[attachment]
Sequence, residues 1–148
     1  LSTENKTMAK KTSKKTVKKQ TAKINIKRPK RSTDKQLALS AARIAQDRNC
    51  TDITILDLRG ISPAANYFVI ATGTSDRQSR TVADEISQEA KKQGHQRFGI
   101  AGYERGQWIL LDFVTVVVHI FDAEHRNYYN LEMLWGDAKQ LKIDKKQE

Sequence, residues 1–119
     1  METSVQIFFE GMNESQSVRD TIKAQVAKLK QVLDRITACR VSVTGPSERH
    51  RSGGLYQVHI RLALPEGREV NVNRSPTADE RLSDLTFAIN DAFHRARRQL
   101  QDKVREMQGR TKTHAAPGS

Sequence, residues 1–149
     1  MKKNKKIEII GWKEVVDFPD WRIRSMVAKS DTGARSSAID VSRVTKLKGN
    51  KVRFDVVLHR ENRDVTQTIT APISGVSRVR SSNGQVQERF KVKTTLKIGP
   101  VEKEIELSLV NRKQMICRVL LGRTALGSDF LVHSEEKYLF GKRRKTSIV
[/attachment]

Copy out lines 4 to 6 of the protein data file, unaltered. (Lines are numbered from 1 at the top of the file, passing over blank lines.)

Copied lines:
   101  AGYERGQWIL LDFVTVVVHI FDAEHRNYYN LEMLWGDAKQ LKIDKKQE

Sequence, residues 1–119
     1  METSVQIFFE GMNESQSVRD TIKAQVAKLK QVLDRITACR VSVTGPSERH